Although Roachside Cottage is closed due to our local Tier 3 status until mid-January at the earliest, we’re not being idle. This is what several hundred £ worth of new trees look like!
Our aim is to create a copse along the 175 metre length of the garden, filled with native upland species which will help support wildlife. These first plants will be planted shortly and include Goat Willow, Downy Birch, Holly, Rowan, Blackthorn, Hawthorn, Elder, Dog Rose, Hazel & Crab Apple.
They're pretty tiny little things now, but we hope that they'll become our legacy - when we've turned up our toes!
(Providing we get through the pandemic of course....)
Each year, on the 11th November, it is customary in Britain and the Commonwealth to remember those who lost their lives in the service of their countries in two world wars.
Not all of those lost were killed in action. Preparing for war was a difficult and dangerous business, particularly for aircrew. Across the Peak District National Park are the sites of well over 150 aircraft crashes from the Second World War which mostly involved young and inexperienced aircrew learning to navigate and fly their aircraft. The pressure of a nation preparing for action meant that training often continued even in what we would regard today as inappropriate weather conditions. In the wild uplands of the Peak District, then as now, the weather could turn in a trice and blot out the landscape. Without the sophisticated navigation equipment we have today, flying over this terrain could be challenging in the extreme.
Within just 4 miles of Roachside Cottage are the locations of 7 of these crashes.
On Goldsytch Moss is the site of an enemy bomber too.
Young men from New Zealand, Australia, the USA, Canada, the UK and Germany, all cut down in their prime.
A reminder of the cost of war. For everyone.
Information from Peak District Air Crash Research.
It's not unusual to have guests at Roachside Cottage who live only a few miles away. It's prominent position in the landscape mean that it is known to everyone who frequents the outcrops and moors here and lots of local folk just want to come and "live the dream", if only for a couple of nights or so.
Earlier this week we had just such a family from Leek, all of 4 miles distant, but they had another reason to come and stay; One of them was actually born here, shortly before the Second World War and grew up in this little cottage with 7 siblings!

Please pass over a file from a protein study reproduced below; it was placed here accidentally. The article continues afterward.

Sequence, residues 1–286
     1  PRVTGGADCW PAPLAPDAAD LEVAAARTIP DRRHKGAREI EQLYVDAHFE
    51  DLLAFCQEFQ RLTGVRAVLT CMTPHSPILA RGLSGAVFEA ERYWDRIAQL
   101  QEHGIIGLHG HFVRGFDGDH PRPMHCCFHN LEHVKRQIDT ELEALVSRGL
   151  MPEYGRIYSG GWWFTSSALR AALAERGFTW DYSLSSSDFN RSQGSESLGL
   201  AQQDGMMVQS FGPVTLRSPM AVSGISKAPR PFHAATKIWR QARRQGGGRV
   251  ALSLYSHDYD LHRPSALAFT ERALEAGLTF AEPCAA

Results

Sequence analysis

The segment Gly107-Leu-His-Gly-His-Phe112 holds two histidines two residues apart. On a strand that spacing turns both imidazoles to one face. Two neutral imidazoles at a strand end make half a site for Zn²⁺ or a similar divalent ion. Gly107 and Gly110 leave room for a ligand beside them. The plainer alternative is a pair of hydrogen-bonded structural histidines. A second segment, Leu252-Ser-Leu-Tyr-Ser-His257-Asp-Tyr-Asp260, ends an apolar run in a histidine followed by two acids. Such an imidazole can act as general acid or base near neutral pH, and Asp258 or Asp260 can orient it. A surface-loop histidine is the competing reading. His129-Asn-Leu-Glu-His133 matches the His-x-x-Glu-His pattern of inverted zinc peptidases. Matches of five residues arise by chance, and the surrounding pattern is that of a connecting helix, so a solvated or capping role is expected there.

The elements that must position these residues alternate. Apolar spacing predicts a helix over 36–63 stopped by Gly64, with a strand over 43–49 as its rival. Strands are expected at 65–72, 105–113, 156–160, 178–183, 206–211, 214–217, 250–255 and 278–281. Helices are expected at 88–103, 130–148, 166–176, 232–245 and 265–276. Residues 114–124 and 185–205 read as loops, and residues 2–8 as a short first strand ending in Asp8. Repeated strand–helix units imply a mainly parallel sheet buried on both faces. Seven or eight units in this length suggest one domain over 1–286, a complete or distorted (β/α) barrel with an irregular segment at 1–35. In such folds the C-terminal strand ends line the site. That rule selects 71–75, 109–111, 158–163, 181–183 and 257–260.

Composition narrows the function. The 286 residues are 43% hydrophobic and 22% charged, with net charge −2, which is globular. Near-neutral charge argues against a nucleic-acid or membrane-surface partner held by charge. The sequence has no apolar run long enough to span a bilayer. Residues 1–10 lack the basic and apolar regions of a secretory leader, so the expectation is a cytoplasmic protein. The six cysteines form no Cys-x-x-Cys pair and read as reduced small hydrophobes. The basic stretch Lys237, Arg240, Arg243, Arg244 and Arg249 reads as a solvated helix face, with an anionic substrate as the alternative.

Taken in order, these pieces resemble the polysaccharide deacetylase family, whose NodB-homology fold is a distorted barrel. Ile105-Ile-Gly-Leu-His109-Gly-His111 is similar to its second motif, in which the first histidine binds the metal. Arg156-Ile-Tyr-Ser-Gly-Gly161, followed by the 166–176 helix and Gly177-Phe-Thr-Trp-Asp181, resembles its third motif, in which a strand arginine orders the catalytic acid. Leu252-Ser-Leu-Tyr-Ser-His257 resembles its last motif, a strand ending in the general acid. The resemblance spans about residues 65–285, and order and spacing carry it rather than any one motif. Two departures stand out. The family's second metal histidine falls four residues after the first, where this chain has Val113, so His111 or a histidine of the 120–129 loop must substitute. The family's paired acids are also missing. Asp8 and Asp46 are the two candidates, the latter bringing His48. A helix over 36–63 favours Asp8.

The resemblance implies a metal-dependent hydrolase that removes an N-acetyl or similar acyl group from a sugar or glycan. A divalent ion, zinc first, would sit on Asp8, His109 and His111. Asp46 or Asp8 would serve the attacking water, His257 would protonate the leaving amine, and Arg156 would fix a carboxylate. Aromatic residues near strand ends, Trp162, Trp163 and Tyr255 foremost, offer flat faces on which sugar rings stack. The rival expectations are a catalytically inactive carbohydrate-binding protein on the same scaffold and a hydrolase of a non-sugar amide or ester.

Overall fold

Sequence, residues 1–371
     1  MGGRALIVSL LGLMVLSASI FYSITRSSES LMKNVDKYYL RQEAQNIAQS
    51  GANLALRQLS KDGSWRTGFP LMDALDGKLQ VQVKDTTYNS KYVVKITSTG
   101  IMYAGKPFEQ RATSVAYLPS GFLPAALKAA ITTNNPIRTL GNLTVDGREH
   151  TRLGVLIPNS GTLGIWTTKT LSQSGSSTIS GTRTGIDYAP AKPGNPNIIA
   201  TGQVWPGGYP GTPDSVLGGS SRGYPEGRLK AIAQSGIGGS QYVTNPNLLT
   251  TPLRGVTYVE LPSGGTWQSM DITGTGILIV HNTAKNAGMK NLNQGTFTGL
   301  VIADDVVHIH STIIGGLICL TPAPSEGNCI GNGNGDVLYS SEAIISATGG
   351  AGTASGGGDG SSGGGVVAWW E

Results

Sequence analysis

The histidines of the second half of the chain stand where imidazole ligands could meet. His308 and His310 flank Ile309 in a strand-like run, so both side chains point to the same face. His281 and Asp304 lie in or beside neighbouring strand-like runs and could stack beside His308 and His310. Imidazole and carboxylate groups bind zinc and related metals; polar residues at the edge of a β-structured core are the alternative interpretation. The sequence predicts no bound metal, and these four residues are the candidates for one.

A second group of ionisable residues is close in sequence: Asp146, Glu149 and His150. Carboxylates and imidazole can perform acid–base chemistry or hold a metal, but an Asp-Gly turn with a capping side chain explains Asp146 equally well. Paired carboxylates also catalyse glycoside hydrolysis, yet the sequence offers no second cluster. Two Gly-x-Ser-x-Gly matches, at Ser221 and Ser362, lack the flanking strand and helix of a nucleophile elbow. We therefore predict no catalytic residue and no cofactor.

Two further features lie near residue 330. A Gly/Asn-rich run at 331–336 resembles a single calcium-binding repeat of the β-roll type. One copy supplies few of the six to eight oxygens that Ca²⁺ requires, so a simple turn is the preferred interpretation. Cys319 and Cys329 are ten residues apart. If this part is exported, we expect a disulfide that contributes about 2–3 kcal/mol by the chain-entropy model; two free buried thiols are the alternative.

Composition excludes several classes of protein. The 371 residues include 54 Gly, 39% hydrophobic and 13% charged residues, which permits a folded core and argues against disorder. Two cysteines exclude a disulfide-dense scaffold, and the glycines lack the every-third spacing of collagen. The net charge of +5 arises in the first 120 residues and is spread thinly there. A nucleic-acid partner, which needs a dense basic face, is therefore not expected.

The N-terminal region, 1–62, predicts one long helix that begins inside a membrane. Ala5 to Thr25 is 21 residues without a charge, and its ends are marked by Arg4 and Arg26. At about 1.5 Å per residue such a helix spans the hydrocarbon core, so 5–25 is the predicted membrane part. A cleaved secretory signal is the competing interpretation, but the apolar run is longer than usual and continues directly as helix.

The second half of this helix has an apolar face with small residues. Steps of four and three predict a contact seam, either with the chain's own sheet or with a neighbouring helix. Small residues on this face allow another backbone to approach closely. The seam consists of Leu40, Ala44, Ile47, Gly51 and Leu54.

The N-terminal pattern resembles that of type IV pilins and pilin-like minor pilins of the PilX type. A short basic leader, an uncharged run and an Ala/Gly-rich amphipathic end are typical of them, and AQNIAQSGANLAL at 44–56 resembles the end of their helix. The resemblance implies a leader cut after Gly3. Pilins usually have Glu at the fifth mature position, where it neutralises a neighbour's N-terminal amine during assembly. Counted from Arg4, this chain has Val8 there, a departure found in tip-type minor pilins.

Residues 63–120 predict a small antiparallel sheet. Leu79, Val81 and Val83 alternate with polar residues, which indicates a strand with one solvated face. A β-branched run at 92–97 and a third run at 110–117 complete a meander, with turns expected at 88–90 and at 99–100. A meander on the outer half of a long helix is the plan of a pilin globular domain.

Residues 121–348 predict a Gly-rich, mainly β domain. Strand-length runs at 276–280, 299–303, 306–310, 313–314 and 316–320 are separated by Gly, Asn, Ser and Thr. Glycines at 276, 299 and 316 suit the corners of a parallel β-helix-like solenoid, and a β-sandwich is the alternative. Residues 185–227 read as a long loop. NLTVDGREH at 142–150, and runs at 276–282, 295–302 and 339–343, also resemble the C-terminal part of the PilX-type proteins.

Of course, I just had to ask lots of questions and fill in the gaps in my knowledge about the place and what it was like to live here. We'll call her "Gran".
Her dad, Mr Plant (that's him in the picture) was a veteran of the Great War who survived 4 long years in the trenches of the Western Front, only to be seriously injured falling over the bridge in the village and ending up in the millrace.
Despite that, he fed the entire family from the garden - no mean feat 1100 feet above sea level.
There was no electricity. No water supply except from the trough into which the rainwater from the roof ran. When that ran dry, as it often did in the summer, water had to be fetched in a bucket from Spring Cottage - a round trip of more than 3/4 mile.
Life in a stone cottage on the edge of the moorland was a constant struggle against cold, the penetrating damp, the incessant invading mice which kept a team of semi-wild cats occupied - not to mention isolation & having to all squeeze into a space only 2/3 rds of what we have now.
A tough upbringing made for tough people. Gran's older sister died a couple of days ago at the age of 99 - how many of us raised in centrally heated homes with fitted carpets, bathrooms all mod cons will make it to that age?
The last few days have been pretty wild for weather, with high winds and lashing rain. That's a bit sad for our guests who've probably been making a detailed study of the cottage library and playing games of Scrabble.
This morning the wind had dropped a fair bit, but the rain was still a steady drizzle. The cloudbase was right down to the ground and was thick enough to make the world seem in twilight. That's how it was when we arrived for the morning dog-plod at Rudyard. (This is where we go when the weather is grim enough to dissuade us from heading into the hills).
With wellies. wide-brimmed hat and long raincoat on, we set off down the lakeside. Within a few moments the rain had stopped. No more than another hundred metres and the sun suddenly burst forth and a moment or two more and all traces of the thick cloud had evaporated. By the time we reached the Dam Head, the gloom had largely returned,
The weather patterns on the western edge of the Peak District can be weird at times.
The lakeside properties of Sandy Point, Fortside & The Lady of the Lake in brilliant autumn sun this morning
After a power cut earlier this week, I had to go down to the water pump house & twiddle with the controls on the pump. Such are the joys of being in a house remote from mains water and several hundred feet above the local water supply. As I always tell guests, just look down into the valley to where the reservoir is and imagine just how much energy is expended on lifting that water up to where we are on the edge of the escarpment.
When I’d succeeded in restoring normal service (made more difficult by the condensation in the panel display, making it unreadable!), I turned round & discovered that I’d acquired an audience.
I think several of these young ladies are considering careers as plumbers now.....